What I wanted to explain to her is that Jen Yu is not committing suicide. Earlier in the film we were told of a person who jumped off the same mountain, but ended up joining the gods, flying with them. In the final scene, we can clearly see that Yu is not falling; she is flying. She is becoming like the character we heard about in the tale.
I found out later that my interpretation was correct. People who have read the series of wuxia books by Du Lu Wang (CTHD is based on the fourth one), have pointed out that Jen Yu’s character returns in the fifth one, so she does not die at the end of CTHD. Note – there is no English language translation for these books yet, which is why there is no link at the bottom of this post.
One other note – the original DVD’s audio options menu for some stupid reason actually shows this scene prior to the menu coming up. I have no idea why they would reveal such a major spoiler. I mention this because when I watched it with my sister she wanted to see the dubbed version, not the subtitled one. I had her look away while I went into that menu. Related to this, I have seen the film both ways and the subtitled version is the superior one. While the dubbing was very well done, you still lose the emotions of the original performances. Some of the impact of the characters’ stories is lessened because of this.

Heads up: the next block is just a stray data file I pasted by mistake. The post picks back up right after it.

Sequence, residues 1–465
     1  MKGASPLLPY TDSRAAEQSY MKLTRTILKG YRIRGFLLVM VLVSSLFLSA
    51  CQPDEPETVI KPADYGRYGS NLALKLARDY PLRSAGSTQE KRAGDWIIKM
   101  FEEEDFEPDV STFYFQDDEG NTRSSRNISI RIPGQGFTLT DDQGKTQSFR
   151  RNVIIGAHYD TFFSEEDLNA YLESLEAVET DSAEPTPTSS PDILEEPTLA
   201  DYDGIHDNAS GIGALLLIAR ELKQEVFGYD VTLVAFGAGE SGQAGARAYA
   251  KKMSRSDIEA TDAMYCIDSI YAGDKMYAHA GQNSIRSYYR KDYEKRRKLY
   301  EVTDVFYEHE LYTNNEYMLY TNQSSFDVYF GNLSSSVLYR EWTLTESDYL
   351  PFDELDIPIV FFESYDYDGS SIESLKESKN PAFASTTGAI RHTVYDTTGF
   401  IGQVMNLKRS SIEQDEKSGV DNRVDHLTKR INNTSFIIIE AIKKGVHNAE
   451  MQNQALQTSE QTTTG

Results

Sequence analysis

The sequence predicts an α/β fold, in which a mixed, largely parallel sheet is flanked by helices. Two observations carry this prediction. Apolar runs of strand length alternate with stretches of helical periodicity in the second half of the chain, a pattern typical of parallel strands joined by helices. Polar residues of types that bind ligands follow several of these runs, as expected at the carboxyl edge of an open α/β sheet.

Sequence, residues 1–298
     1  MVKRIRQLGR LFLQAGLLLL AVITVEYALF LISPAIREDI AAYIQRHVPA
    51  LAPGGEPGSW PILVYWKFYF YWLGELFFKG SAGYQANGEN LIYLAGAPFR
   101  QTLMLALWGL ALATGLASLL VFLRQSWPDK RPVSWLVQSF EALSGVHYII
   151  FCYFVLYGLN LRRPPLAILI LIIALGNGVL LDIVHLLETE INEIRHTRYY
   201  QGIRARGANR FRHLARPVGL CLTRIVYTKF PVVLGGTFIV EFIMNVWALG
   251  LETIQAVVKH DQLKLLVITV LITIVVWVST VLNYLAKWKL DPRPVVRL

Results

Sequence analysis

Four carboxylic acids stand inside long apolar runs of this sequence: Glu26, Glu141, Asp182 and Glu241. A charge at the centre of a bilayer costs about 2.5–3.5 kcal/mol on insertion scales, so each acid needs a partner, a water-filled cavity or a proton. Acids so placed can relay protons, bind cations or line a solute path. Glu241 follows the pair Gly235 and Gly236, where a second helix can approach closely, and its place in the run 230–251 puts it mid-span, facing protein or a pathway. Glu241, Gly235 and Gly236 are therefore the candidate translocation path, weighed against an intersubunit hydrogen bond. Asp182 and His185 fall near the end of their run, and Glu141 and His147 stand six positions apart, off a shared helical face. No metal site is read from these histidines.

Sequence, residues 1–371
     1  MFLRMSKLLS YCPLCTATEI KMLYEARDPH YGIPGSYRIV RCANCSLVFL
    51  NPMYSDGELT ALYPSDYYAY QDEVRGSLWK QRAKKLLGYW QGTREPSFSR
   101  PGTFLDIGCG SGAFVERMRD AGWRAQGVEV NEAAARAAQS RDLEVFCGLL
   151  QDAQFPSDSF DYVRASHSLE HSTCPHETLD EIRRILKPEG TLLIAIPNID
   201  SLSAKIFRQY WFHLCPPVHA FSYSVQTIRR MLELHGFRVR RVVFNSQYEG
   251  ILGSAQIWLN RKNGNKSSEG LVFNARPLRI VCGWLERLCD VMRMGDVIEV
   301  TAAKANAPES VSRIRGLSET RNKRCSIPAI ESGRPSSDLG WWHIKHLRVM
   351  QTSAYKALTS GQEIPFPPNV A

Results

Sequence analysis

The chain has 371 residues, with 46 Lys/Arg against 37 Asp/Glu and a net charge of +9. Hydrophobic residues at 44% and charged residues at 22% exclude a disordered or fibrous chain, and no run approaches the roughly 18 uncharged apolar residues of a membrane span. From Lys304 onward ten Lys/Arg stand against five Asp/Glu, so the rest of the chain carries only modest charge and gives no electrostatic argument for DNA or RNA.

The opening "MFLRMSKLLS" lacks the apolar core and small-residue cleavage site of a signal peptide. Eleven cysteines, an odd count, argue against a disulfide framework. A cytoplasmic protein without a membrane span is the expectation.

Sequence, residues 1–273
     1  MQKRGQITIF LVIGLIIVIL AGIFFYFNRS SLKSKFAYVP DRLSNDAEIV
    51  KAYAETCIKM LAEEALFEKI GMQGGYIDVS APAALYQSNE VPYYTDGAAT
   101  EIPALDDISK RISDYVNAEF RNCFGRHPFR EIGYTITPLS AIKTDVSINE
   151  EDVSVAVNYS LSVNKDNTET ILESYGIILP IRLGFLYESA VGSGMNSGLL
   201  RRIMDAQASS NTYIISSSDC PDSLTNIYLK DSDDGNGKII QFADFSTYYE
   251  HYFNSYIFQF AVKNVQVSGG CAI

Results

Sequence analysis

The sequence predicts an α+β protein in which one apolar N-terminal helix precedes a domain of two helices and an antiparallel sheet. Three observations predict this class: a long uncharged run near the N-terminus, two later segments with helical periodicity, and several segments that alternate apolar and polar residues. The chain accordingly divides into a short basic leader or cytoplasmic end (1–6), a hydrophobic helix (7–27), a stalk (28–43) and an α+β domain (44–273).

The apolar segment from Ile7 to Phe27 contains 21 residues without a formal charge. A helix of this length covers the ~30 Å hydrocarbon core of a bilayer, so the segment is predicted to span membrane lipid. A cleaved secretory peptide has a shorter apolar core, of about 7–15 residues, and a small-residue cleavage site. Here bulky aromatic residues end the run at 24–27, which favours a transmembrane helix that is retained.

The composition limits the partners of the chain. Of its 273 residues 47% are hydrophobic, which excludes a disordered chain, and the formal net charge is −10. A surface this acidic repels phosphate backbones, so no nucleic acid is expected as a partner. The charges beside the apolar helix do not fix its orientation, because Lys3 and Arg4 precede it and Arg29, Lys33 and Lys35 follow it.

CTHD brought together three generations of female martial arts stars. Cheng Pei-pei, who played Jade Fox, started out in the 1960s and was one of the first major women in martial arts films. Michelle Yeoh became popular in the 1980s, and even turned up in a James Bond film. Zhang Ziyi became a star in the 2000s after this film came out. She has gone on to be in several more martial arts films, including the next two I will be reviewing. Zhang had extensive dance training before becoming an actress and this has helped her immensely with learning the martial arts fighting moves for her films. Kim Wilson at 1001 Movies You Must See Before You Die let me know that Cheng Pei-pei was also a ballet dancer and this led to her getting cast in the 1966 film Come Drink with Me. You can read Kim’s review of that film here.
Crouching Tiger, Hidden Dragon is a terrific introduction for people to the fact that a martial arts film can be much more than just a bunch of fight scenes. This is a visually beautiful film, both for the fighting and for the sets and costumes. It also has a lot of depth of story, and plenty of romance to get people involved emotionally. I highly recommend this film.
Chip’s Rating: 4 out of 5 stars